The knee is comprised of four major ligaments that maintain the knee’s stability for walking, pivoting, and virtually any athletic activity. These ligaments work together to prevent excessive, unnatural motion between the femur (thigh bone) and tibia (leg bone). Each ligament in the knee serves a distinct purpose and any one of them can become injured at anytime if trauma occurs to the knee.
The four ligaments of the knee are:
- Anterior cruciate ligament (ACL) – located in the middle of the knee
- Posterior cruciate ligament (PCL) — located just behind the ACL
- Medial collateral ligament (MCL) — located on the inside of the knee and extends from the end of the thigh bone (femur) to the top of the shin bone (tibia)
- Lateral collateral ligament (or fibular collateral ligament) — located on the outside of the knee, connecting the thigh bone (femur) to the top of the calf bone (fibula)
While the majority of knee ligament injuries typically only involve a single ligament, there are certain occurrences that can cause multiple ligaments to be damaged at the same time. Multi-ligament knee injuries could occur as a result of a direct hit to the knee in a sporting activity, a fall from a height or from an impact during a motor vehicle collision. In many of these cases, the knee can become dislocated which has the potential to disrupt the nerves and arteries of the leg. Because of the severity of an injury of this magnitude, a multi-ligament injury requires immediate emergency care and in most situations, surgery. Dr. Jeff Padalecki, orthopedic knee specialist serving patients in Austin, Round Rock, and Cedar Park, Texas communities, is highly trained and experienced at treating this complex knee injury.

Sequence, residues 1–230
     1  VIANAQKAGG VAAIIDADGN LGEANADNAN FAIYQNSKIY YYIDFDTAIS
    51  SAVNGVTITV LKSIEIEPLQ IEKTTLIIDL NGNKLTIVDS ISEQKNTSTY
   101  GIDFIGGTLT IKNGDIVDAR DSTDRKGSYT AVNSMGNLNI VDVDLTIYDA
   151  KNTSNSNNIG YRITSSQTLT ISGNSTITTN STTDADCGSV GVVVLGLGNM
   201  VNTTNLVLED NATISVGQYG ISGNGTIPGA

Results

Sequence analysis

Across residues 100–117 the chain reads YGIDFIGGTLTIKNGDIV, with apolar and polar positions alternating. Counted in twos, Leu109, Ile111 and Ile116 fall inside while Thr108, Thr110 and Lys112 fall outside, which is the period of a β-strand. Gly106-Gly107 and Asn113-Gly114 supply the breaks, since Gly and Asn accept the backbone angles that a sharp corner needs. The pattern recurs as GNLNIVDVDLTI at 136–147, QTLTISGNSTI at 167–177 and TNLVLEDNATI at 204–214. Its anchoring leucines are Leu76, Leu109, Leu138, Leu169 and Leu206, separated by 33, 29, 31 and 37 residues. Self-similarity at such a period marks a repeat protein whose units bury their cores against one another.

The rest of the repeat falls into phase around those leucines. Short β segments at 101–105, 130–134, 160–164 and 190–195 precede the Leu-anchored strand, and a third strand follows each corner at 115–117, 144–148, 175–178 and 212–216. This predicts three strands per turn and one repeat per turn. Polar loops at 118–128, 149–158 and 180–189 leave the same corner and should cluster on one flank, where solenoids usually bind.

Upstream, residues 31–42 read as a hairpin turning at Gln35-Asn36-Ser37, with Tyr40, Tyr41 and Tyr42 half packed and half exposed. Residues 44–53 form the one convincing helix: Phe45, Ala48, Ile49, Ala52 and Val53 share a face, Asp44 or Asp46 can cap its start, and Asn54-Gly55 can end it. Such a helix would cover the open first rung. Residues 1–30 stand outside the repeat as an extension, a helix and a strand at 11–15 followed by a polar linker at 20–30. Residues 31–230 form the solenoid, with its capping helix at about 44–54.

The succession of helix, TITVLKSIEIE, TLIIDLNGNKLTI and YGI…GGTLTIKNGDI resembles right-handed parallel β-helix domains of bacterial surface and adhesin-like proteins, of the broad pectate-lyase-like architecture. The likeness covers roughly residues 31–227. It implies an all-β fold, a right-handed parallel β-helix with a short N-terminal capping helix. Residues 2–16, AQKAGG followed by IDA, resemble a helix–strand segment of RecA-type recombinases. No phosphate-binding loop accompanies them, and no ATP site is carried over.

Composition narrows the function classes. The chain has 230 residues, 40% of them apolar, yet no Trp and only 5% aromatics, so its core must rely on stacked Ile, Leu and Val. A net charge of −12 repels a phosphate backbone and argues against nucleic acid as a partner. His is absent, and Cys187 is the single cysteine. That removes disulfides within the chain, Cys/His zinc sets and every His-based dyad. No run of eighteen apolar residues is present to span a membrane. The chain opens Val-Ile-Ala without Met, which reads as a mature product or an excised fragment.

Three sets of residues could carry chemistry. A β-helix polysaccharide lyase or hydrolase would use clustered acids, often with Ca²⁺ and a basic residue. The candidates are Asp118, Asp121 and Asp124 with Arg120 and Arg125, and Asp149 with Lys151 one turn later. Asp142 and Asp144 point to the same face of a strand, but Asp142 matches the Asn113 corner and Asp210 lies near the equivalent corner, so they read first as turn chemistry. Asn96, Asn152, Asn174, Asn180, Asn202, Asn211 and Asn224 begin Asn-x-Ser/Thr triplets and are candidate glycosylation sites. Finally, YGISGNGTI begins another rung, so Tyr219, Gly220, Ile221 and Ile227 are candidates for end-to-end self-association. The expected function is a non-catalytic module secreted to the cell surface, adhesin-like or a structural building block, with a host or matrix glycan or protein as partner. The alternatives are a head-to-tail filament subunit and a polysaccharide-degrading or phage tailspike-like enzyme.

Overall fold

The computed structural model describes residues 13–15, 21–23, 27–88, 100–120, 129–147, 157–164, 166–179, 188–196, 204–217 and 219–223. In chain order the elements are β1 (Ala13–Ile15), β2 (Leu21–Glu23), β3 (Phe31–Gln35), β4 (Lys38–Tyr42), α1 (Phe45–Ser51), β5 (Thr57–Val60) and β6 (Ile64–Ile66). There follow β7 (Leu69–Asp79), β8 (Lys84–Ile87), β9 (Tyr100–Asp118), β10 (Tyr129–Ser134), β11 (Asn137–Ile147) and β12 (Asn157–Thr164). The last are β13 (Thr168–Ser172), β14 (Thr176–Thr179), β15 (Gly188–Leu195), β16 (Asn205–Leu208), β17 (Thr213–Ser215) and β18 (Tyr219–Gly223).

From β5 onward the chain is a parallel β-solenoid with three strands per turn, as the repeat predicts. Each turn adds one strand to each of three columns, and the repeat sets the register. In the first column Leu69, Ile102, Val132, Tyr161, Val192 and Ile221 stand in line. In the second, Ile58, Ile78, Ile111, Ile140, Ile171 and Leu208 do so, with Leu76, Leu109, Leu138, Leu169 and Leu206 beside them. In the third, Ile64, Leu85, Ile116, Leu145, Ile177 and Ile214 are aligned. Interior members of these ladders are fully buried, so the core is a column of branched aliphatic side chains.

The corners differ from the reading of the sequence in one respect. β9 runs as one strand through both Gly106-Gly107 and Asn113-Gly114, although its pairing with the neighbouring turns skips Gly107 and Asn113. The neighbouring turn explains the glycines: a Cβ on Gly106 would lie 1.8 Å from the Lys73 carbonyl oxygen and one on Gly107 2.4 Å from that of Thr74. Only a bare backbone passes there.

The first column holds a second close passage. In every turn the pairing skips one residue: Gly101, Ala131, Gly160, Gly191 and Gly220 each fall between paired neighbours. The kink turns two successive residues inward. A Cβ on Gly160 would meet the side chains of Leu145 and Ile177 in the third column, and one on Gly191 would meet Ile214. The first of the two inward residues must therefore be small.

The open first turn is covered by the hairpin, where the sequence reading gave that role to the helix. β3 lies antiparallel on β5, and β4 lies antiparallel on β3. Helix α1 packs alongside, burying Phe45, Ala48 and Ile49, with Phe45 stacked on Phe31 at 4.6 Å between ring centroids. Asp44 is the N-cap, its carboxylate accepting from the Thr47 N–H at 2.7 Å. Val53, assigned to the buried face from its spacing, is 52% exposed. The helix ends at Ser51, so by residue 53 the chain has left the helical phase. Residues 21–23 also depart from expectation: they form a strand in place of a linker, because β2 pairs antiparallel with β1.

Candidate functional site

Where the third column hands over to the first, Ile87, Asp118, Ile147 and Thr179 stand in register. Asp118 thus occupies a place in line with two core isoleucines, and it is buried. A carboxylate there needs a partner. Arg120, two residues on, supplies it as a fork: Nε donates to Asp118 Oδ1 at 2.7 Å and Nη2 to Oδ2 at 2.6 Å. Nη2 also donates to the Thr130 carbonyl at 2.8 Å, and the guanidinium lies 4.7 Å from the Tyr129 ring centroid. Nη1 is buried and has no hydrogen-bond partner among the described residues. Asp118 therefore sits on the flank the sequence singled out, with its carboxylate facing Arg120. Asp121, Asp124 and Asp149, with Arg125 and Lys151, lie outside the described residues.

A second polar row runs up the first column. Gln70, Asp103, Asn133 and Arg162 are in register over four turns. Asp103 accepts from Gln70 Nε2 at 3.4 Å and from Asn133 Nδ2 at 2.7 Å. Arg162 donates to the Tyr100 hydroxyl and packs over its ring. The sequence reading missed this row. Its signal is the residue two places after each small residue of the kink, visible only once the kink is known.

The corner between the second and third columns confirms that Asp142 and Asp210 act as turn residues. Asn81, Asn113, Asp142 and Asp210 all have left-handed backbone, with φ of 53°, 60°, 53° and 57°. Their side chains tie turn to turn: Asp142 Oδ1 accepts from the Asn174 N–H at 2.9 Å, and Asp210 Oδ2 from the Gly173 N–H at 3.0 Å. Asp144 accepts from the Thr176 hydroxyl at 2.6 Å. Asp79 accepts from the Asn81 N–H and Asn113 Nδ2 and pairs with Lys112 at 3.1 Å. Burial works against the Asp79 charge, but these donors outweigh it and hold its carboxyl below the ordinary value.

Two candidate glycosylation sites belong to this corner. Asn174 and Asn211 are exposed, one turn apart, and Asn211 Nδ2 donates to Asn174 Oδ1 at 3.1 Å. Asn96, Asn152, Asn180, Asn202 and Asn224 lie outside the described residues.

What are the Symptoms of Multi-Ligament Knee Injuries?
Pain and swelling are common symptoms in a knee dislocation. The knee may feel unstable or like it might “give way” and patients may not be able to put any weight on the knee. Walking will almost be impossible. Patients may describe a “popping” sound at the time of the injury. Signs of vascular insufficiency may be present in severe injuries that include blood vessel disruption.
How are Multi-Ligament Knee Injuries Diagnosed?
In many cases when a multi-ligament knee injury occurs, patients may seek immediate care through the nearest ER; if a dislocation has occurred with this complex injury, the attending orthopedic doctor in the emergency room may perform a prompt reduction of the knee, placing gentle traction on the leg to put the knee back into place. Once Dr. Padalecki is able to examine the full extent of the injury, he will likely perform an MRI. The MRI will allow him to look at all of the structures in and around the knee and determine if multiple ligaments are affected.